April 21, 2020  |  

Comparative genomic and phylogenetic analyses of Populus section Leuce using complete chloroplast genome sequences

Species of Populus section Leuce are distributed throughout most parts of the Northern Hemisphere and have important economic and ecological significance. However, due to frequent hybridization within Leuce, the phylogenetic relationship between species has not been clarified. The chloroplast (cp) genome is characterized by maternal inheritance and relatively conservative mutation rates; thus, it is a powerful tool for building phylogenetic trees. In this study, we used the PacBio SEQUEL software to determine that the cp genome of Populus tomentosa has a length of 156,558 bp including a long single-copy region (84,717 bp), a small single-copy region (16,555 bp), and a pair of inverted repeat regions (27,643 bp). The cp genome contains 131 unique genes, including 37 transfer RNAs, 8 ribosomal RNAs, and 86 protein-coding genes. We compared the cp genomes of seven species of section Leuce and identified five cp DNA markers with >?1% variable sites. Phylogenetic analyses revealed two evolutionary branches for section Leuce. The species with the closest relationship with P. tomenstosa was P. adenopoda, followed by P. alba. These cp genome data will help to determine the cp evolution of section Leuce and further elucidate the origin of P. tomentosa.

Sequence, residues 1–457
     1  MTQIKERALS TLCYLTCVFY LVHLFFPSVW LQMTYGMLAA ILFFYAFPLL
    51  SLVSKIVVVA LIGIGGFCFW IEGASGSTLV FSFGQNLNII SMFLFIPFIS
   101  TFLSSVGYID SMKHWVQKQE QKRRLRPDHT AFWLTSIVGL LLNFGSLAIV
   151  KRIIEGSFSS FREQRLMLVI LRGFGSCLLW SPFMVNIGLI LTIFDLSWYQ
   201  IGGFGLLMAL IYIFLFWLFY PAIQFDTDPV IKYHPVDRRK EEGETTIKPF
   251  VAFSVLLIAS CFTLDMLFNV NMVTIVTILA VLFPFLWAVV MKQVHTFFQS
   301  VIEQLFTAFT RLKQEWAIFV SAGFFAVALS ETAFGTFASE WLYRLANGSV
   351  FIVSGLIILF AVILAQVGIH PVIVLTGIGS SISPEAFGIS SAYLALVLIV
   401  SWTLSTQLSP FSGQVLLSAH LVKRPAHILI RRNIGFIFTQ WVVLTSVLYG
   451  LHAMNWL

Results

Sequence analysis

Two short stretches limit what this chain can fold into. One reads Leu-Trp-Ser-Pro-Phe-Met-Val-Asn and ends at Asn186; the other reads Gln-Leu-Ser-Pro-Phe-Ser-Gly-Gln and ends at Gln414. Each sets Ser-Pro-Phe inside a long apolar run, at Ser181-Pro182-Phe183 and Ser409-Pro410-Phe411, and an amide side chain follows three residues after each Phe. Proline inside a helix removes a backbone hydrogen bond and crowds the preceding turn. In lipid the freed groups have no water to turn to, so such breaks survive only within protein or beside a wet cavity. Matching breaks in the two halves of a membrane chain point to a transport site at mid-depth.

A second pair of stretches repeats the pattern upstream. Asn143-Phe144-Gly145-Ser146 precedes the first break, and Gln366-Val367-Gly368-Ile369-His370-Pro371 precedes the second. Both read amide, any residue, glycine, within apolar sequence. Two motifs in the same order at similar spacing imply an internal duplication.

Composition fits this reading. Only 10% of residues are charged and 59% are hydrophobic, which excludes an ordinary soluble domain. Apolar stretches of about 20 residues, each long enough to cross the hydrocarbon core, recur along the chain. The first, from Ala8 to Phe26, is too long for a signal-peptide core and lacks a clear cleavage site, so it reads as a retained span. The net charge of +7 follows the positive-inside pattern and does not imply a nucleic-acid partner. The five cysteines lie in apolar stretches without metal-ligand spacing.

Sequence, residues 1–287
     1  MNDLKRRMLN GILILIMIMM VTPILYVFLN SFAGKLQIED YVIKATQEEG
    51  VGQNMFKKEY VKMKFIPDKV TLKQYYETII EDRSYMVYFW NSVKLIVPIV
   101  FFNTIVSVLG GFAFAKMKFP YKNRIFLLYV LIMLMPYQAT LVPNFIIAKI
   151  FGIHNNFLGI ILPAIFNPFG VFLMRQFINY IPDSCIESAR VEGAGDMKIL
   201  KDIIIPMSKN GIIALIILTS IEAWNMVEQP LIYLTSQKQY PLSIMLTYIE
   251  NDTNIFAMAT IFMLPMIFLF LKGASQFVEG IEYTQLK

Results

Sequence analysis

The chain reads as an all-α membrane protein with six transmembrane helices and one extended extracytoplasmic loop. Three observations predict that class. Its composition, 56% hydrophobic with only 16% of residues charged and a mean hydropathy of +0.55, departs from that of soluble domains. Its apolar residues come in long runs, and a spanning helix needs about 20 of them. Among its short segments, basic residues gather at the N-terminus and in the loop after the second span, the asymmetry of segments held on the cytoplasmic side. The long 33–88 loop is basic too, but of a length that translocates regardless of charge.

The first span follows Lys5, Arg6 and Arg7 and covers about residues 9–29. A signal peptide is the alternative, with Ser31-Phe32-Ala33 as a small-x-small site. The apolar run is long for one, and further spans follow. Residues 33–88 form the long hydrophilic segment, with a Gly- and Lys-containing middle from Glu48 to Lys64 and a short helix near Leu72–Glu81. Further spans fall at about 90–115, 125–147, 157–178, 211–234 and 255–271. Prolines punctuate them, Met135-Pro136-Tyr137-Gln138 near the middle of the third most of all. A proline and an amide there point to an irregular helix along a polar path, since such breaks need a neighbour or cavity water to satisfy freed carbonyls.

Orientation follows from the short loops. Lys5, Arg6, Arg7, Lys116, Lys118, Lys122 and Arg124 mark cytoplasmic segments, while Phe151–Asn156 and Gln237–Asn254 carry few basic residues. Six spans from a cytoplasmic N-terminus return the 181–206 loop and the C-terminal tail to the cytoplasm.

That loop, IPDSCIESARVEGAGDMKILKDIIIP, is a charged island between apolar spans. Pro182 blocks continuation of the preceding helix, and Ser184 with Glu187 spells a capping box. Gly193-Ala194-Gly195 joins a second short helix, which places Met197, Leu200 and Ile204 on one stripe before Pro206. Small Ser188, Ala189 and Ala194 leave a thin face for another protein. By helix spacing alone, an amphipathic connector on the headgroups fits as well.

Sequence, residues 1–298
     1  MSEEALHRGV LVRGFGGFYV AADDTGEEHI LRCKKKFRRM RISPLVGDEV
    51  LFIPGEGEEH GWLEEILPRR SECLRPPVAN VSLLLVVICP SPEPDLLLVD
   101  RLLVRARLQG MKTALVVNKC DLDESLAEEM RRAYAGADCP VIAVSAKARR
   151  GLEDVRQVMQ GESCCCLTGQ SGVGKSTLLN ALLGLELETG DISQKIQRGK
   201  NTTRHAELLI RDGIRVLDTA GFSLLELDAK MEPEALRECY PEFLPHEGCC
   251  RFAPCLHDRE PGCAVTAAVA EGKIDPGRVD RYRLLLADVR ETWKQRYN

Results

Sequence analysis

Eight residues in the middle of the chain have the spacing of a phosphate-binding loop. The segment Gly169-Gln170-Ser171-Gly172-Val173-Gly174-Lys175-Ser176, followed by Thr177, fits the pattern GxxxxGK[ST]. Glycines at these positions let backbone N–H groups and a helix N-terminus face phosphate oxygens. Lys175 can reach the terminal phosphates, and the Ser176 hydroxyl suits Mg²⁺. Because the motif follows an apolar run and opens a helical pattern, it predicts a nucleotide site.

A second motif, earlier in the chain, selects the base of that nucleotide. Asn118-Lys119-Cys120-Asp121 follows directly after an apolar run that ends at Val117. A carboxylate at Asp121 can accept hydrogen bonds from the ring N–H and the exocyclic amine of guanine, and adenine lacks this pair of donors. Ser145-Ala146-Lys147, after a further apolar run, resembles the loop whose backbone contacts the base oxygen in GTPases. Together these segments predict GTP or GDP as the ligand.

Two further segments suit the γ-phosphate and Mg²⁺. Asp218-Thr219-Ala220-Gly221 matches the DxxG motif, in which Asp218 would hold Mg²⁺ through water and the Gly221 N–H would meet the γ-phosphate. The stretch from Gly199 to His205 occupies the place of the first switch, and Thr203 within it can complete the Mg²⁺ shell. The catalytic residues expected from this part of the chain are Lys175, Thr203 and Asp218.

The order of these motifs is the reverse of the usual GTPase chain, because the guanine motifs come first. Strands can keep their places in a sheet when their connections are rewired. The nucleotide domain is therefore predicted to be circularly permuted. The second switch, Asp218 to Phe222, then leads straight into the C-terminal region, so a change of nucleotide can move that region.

April 21, 2020  |  

Full-length transcript sequencing and comparative transcriptomic analysis to evaluate the contribution of osmotic and ionic stress components towards salinity tolerance in the roots of cultivated alfalfa (Medicago sativa L.).